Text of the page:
July 19th, 2007

Rastan Kill Monsters

SW SAGA as Sword & Sorcery [gaming geekery]

As I mentioned last night, this is an idea I've been chewing on for a little while now. It's no secret that Star Wars is "space fantasy" ... and the Saga Edition ruleset has a lot of changes that really appeal to me as being a good fit for a sword-and-sorcery (or "low magic") game:

  1. Equipment is no longer the end-all be-all of every character class. Running around with little or no armor is now quite feasible, but for characters with the right training it can be a significant advantage.

  2. Swashbuckling, run-around-the-field action! Getting rid of iterative attacks, adding level-based damage, and the nonheroic mooks make for great scenes of hacking your way through a horde of Picts.

  3. Faster Character/Monster Creation. One of the things that turned me off about Conan d20 was that it made the already-complex d20 character creation even moreso. So far creating foes and critters in Saga has been much faster and hasn't required something like E-Tools, which is a big plus.

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Thoughts? Suggestions? Ideas?

-The Gneech
Me Barbarian

S&S SAGA Note to Myself [gaming geekery]

Examine weapon damage. In SWSE non-powered melee weapons don't generally do enough damage to overcome damage threshold.

Sword: d8 (1-8, average 4.5)
Lightsaber: 2d8 (2-16, average 9)
Blaster: 3d6 (3-18, average 10.5)

I seem to recall Conan d20 weapons doing much more damage than D&D equivalents. Look into this.

-The Gneech
Torey Rave

Speaking of Music From 20 Years Ago...

Finally, a film kylet and I can both enjoy! :D

I'm referring to Music and Lyrics, a romantic comedy starring Hugh Grant and Drew Barrymore that came out earlier this year, made absolutely no waves whatsoever, and disappeared. However, laurie_robey rented it from Netflix and, as I am a sucker for both romantic comedies and Hugh Grant, I periodically stopped off from working on Suburban Jungle and caught goodish chunks of it, including pretty much all of the last act.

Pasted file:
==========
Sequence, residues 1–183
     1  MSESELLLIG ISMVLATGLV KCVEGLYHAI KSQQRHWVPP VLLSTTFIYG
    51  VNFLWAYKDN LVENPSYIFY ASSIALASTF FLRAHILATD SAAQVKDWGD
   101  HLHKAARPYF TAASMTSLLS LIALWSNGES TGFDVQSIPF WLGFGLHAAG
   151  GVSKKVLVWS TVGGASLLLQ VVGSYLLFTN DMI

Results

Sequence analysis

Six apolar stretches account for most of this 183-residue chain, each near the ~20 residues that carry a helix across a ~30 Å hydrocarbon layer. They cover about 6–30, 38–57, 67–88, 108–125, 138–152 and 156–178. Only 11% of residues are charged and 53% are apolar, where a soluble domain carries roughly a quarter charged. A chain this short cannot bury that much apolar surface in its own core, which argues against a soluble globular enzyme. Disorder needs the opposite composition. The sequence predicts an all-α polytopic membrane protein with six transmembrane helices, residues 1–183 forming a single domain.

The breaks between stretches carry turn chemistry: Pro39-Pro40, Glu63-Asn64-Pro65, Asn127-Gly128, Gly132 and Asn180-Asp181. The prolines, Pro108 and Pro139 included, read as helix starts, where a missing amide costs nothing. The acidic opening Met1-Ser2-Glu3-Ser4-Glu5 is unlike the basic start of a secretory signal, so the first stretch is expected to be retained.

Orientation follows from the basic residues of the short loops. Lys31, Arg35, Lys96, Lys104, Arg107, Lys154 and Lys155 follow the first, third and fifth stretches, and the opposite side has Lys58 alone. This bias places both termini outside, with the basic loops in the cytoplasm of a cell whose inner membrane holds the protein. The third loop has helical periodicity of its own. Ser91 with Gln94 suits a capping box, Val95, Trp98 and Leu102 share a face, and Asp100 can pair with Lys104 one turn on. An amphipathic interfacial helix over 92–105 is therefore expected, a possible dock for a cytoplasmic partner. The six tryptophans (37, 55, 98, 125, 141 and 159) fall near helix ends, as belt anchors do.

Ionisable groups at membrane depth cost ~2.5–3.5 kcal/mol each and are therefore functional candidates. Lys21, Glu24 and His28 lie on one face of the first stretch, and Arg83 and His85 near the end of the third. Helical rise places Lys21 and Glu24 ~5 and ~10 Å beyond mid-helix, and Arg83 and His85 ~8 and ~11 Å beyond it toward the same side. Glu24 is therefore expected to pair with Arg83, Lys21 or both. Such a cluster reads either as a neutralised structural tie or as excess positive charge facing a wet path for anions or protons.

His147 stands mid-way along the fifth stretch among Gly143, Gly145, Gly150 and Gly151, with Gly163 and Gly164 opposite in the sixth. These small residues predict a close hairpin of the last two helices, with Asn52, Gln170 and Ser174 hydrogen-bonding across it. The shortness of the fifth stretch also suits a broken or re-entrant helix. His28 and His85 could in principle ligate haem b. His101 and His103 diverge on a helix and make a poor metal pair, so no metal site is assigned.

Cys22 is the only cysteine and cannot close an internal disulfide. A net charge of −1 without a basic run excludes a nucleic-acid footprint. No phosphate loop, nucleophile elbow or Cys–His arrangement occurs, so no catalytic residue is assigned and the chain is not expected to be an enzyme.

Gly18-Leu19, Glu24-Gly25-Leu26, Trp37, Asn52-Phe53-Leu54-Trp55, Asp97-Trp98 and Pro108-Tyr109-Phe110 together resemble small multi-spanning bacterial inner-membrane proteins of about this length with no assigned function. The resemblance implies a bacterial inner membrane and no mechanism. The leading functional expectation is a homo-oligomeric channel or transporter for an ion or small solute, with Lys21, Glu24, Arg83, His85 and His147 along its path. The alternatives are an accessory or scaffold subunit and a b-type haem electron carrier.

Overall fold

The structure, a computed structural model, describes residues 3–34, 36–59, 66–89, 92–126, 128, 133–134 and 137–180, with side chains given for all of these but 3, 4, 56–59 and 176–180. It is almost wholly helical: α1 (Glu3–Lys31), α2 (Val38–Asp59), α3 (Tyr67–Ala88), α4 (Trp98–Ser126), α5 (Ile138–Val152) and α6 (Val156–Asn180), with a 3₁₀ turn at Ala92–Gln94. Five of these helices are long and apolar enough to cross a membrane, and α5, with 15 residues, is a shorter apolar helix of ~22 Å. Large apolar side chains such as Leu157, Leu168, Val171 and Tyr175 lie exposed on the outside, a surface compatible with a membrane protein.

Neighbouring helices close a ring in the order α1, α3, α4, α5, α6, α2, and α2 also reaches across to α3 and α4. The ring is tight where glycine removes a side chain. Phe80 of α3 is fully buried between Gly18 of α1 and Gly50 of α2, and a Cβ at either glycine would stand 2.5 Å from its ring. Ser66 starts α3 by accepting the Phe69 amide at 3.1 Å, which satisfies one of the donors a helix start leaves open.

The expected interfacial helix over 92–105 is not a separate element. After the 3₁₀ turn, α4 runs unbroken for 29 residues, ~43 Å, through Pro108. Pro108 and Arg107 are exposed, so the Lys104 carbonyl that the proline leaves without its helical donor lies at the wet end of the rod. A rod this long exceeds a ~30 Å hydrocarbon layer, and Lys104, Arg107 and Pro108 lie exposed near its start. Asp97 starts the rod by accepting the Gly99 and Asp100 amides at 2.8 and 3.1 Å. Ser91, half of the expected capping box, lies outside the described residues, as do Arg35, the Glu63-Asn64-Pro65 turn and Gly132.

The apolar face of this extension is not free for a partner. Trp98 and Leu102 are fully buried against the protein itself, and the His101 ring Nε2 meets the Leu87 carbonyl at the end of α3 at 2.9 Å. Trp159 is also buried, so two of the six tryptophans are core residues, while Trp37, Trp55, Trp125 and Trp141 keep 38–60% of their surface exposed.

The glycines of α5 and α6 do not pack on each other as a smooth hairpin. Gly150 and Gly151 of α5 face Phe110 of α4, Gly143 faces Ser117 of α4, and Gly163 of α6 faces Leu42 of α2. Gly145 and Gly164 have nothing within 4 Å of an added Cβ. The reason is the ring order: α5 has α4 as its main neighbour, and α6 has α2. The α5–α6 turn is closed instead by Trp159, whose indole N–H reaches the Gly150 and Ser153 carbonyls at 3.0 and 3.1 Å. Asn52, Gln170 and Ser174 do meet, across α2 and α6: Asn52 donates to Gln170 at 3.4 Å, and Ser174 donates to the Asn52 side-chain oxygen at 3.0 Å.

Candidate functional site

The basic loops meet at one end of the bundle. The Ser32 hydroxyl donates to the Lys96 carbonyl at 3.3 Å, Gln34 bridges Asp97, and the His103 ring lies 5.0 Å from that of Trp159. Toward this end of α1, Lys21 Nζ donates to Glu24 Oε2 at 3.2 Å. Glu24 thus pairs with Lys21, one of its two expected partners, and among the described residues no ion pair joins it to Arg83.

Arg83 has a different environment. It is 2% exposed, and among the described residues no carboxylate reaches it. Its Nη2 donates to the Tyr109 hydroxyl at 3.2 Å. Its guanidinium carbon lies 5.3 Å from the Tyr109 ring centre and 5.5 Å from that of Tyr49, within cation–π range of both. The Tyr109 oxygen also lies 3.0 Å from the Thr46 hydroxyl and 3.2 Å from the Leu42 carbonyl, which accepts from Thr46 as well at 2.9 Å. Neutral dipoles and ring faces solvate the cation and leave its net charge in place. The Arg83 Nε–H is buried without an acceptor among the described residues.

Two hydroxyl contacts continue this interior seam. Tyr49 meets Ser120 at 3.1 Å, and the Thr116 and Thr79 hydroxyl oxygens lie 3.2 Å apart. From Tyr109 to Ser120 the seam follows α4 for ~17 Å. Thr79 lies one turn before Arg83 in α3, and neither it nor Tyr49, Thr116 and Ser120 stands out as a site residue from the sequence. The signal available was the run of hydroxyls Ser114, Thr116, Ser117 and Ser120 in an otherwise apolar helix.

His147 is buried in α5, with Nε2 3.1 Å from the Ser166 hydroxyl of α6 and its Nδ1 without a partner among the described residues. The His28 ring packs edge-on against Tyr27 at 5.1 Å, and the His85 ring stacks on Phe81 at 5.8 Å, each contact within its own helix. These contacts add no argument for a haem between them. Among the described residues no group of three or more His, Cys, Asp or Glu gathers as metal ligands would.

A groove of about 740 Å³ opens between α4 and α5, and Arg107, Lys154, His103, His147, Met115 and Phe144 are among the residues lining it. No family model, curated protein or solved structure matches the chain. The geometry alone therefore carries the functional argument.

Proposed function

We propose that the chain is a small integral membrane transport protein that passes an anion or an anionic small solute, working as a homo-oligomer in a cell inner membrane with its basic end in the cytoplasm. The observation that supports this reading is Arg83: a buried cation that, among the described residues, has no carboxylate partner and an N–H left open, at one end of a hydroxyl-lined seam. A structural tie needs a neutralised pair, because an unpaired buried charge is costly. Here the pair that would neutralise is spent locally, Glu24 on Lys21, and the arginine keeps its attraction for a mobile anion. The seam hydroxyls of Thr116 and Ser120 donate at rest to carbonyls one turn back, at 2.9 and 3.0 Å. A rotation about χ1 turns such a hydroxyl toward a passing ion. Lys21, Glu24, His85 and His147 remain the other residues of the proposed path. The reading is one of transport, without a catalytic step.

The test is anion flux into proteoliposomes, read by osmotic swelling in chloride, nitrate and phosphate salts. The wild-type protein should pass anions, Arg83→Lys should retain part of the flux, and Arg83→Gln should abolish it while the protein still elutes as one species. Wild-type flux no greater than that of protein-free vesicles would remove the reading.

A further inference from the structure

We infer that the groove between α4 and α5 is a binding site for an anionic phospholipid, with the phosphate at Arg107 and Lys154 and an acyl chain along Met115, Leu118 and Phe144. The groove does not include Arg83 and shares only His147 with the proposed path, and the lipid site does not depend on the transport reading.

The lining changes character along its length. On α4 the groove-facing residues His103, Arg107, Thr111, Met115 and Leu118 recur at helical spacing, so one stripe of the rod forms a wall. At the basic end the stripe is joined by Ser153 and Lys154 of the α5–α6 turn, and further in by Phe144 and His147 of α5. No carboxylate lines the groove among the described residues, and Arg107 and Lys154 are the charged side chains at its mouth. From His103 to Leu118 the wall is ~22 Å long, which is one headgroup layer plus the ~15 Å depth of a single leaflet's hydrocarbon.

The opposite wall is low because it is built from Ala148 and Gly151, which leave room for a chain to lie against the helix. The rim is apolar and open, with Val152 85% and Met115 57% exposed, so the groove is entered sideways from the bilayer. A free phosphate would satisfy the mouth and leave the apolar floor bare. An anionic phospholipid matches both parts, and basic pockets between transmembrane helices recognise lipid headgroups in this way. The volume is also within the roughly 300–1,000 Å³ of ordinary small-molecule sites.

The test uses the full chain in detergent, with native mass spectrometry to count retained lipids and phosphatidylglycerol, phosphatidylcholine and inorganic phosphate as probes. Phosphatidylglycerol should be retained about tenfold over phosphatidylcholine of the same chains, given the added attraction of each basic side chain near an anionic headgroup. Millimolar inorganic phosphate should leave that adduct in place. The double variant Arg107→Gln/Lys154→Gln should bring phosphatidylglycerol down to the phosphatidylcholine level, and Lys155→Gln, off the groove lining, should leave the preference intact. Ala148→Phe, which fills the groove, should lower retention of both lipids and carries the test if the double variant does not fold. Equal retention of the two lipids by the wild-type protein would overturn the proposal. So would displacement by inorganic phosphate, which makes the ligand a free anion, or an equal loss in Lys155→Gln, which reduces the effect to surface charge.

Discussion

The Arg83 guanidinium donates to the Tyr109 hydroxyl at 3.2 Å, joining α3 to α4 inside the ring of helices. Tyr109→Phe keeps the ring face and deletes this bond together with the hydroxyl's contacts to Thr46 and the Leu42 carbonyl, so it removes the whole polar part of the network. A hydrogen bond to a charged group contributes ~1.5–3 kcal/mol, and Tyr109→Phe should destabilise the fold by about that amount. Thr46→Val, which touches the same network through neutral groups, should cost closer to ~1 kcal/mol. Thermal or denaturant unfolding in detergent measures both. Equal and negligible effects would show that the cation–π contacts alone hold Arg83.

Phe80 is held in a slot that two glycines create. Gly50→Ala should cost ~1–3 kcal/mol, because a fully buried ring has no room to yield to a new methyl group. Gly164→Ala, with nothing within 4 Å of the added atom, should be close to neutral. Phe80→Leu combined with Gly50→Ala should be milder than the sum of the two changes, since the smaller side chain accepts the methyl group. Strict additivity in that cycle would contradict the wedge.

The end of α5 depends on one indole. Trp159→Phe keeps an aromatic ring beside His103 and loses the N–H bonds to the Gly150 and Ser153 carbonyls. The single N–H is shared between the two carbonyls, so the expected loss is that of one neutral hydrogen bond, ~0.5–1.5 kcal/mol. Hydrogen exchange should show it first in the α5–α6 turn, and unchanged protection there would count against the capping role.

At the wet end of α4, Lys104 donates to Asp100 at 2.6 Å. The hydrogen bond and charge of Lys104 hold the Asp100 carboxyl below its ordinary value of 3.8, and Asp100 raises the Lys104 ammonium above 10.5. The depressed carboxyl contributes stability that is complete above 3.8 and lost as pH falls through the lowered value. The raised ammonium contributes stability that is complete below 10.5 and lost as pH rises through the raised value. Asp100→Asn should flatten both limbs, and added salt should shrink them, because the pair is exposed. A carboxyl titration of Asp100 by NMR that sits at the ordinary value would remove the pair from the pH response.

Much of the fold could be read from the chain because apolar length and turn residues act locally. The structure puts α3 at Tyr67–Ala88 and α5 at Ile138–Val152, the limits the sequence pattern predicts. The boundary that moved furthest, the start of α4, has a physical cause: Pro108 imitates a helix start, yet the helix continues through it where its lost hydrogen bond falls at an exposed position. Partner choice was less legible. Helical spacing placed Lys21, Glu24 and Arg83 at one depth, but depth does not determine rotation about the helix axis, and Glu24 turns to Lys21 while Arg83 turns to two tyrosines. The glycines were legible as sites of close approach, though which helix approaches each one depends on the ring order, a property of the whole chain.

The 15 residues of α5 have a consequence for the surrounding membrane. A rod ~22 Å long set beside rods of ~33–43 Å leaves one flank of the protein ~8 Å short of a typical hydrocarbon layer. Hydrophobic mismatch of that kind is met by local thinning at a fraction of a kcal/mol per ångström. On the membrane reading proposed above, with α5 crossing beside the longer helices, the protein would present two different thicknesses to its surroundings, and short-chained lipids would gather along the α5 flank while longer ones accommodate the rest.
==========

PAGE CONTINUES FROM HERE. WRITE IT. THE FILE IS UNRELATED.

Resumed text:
The basic premise is that in the '80s, Hugh Grant was the second banana in a band called "Pop!" (not to be confused with other sound effects, such as "Pow!" or "Wham!"), and when the leader of "Pop!" set off on his solo career, Hugh Grant's character faded into has-beenism ... until one day (and this is the part where Vince comes in) he is approached by a Britney Spears/Christina Aguilera type ("Cora") who wants to collaborate with him on a song, giving his career a much-needed boost.

Only problem is, the reason he was the second banana in the first place, is that he while he's a fine performer he can't compose his way out of a paper bag -- leaving him in a bind unless he can get some help. Enter Drew Barrymore, the woman who takes care of his plants for him and also happens to be a would-be writer and poet.

So yeah, you can probably figure out the plot from here. No real Bellamy, but plenty of snappy dialogue and the good old "boy gets girl / boy loses girl / boy gets girl" formula tried and true. Nevertheless, quite enjoyable. And, well ... the opening sequence makes my inner Brody Coyote go squee. :D

Think I'll be picking up a copy of this one. :)

-The Gneech
  • Current Music
    Pop! -- "Pop! Goes My Heart"